Arctic Monkeys Pull Through Austin On Car Tour

On The Car Tour, Arctic Monkeys made a stop in Austin on Sept. 15, instilling nostalgia, energy, and anticipation for their new album in the fans.
On The Car Tour, Arctic Monkeys made a stop in Austin on Sept. 15, instilling nostalgia, energy, and anticipation for their new album in the fans.
Rifah Mirza

When the Arctic Monkeys walked onto the stage on Friday, Sept. 15 at the Moody Center stadium, the audience erupted into ecstatic applause as the stadium went dark and the bass of the opening song, Sculptures of Anything, surged. The electrifying performance and the stunning visuals completely captivated the audience. The band quickly followed up the opener with the song, Brainstorm, keeping the same intense energy alive. 

The setlist covered each era of the Arctic Monkeys, especially from their most famous album, AM, which pushed them into fame. Decked in leather jackets, black attire, and clunky Doc Martens, the crowd completely lost their minds when the band brought out Snap out of it from AM. A yellow ambient color shined over the stage, focused on the lead singer Alex Turner. Snap out of it, a typically energetic song, was performed by Turner at a slower tempo than usual. Shortly, fans caught on to the rhythm change.

Aside from Turner’s rhythm, his enigmatic showmanship was yet to waver. Filling moments between songs with banter sent the audience into laughter and admiration of the British singer. 

 Making their way through the albums, they performed my personal favorite song, Crying Lighting, which was from their 2009 album, Humbug. An electrifying performance with flashing lights and fog on the stage, Turner completely mesmerized the audience with his captivating performance. The song opens with guitar chords creating a somber mood complementing Turner’s introspective lyrics that wonderfully explore themes of disillusionment and the complexities of a relationship. Turner gave his all in this performance, his voice perfectly emulating the emotions found in the song. 

Neither the band nor Turner felt bitter about the fan’s common preference for their old albums over the newer ones. The audience and I craved songs from AM, an album filled with high-energy songs. Recited perfectly word by word by the crowd, Turner perfectly hit each note, his quick fingers dancing perfectly across his guitar. His clean and thorough performances made him seem almost as if he was on autopilot.

As the energetic performance continued, the atmosphere in the moody center stadium was electric. A sense of tranquility was found as a giant disco ball lowered from the ceiling, which lit up the ebullient Moody Center stadium. There’d Better Be A Mirrorball, a beautiful ballad, came on. The audience, exhilarated by this old classic-like song, swayed to the song completely at peace. Turner’s ability to seamlessly transition between soft ballads and powerful rock music was one of the factors that impressed me most at the concert.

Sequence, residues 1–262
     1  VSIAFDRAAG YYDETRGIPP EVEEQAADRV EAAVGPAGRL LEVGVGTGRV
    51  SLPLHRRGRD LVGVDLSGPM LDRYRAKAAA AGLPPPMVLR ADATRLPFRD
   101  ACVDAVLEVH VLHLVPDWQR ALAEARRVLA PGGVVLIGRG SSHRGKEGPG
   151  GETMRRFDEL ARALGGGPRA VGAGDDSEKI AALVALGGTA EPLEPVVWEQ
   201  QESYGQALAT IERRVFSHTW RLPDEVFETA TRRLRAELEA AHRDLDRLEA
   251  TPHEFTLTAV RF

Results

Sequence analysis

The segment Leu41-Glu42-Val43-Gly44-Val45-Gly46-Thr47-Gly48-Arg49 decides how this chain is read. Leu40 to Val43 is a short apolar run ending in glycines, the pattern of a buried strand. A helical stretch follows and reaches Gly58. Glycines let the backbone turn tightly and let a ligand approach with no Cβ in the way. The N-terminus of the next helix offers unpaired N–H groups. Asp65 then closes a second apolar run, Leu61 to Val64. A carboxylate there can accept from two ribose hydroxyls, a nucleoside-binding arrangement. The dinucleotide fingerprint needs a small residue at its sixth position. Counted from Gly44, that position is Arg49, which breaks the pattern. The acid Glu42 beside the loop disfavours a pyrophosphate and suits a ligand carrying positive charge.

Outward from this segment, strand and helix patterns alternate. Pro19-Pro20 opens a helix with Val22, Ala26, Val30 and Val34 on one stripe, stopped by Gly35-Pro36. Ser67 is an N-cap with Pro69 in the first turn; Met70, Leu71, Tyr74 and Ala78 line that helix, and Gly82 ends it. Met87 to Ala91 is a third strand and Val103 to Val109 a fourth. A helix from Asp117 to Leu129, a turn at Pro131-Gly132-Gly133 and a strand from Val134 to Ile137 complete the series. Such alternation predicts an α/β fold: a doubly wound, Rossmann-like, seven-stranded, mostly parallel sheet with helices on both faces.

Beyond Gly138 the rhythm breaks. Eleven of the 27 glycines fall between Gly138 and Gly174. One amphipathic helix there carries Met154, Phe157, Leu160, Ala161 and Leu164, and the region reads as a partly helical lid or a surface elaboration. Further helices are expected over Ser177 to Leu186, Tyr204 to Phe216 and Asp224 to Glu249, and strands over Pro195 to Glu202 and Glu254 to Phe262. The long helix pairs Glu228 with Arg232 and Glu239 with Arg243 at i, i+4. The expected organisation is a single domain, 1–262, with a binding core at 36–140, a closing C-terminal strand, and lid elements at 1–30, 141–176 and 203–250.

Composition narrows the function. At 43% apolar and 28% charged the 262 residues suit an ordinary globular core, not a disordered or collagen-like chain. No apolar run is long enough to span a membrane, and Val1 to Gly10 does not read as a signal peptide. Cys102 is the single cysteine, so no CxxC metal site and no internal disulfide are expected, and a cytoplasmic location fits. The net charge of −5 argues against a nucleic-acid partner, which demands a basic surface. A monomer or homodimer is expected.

The stage was illuminated by red lights, highlighting specifically Turner, as the song Do I wanna know completely overtook the audience. Turner glided across the stage, giving attention to all sides of the crowd. This song was definitely a personal favorite in terms of performance from AM. As the concert was coming to what appeared as an end, the adrenaline of the audience reached  a new peak. The band was completely on fire, not missing a beat and keeping up with the energy of the audience. 

After performing what seemed like their last piece, Body paint (extended outro), the audience screamed for an encore as the band was leaving the stage. After chanting “encore” for a solid 10 minutes, the band finally returned to the stage. The stadium was filled with ear-piercing, high-pitched screams. The band returned performing the song Suck it and See, surprising the audience with a total of three encore songs. The crowd went completely wild, and screams of “I love you, Alex Turner” echoed across the stadium.

Finally, the concert came to an end with the song R U MINE?, my favorite part of the three-song encore. With its infectious hooks and catchy lines, this song quickly became a fan-favorite. After the thrilling performance sadly came to an end, Alex Turner lagged behind the band, blowing kisses to the audience and waving goodbye. Turner’s charm and undeniable stage presence continue to solidify him as one of the most captivating performers the rock world has seen. 

The Austin performance was nothing short of extraordinary from the visually stunning effects to the band’s effortless performance — every aspect of the concert was meticulously constructed to perfection. The showcasing of the old albums to the premier of their new album The Car really expressed the band’s growth over the years. The concert was definitely a night to remember for fans who were lucky enough to attend. 


Below is the set list:

  1. Sculptures of anything 
  2. Brainstorm 
  3. Snap out of it
  4. Teddy picker
  5. Crying lighting 
  6. Fireside 
  7. Arabella 
  8. Why’d you only call me when you’re high 
  9. Cornerstone 
  10. The view from the afternoon
  11. Knee socks 
  12. Pretty visitors 
  13. Fluorescent Adolescent 
  14. The ultracheese 
  15. There’d better be a Mirrorball 
  16. 505
  17. Do I wanna know 
  18. Body paint (extended outro)


  1. Suck it and see
  2. I bet you look good on the dance floor 
  3. R U MINE?
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About the Contributor
Rifah Mirza, Photographer
Class of 2025 Hello! For as long as I can remember I've always been fascinated with writing and photography. Which is why I am so excited to be apart of the Horizon and working on Heritage! Apart from writing, I love learning new languages, traveling, playing the piano, going to concerts, or playing word hunt!

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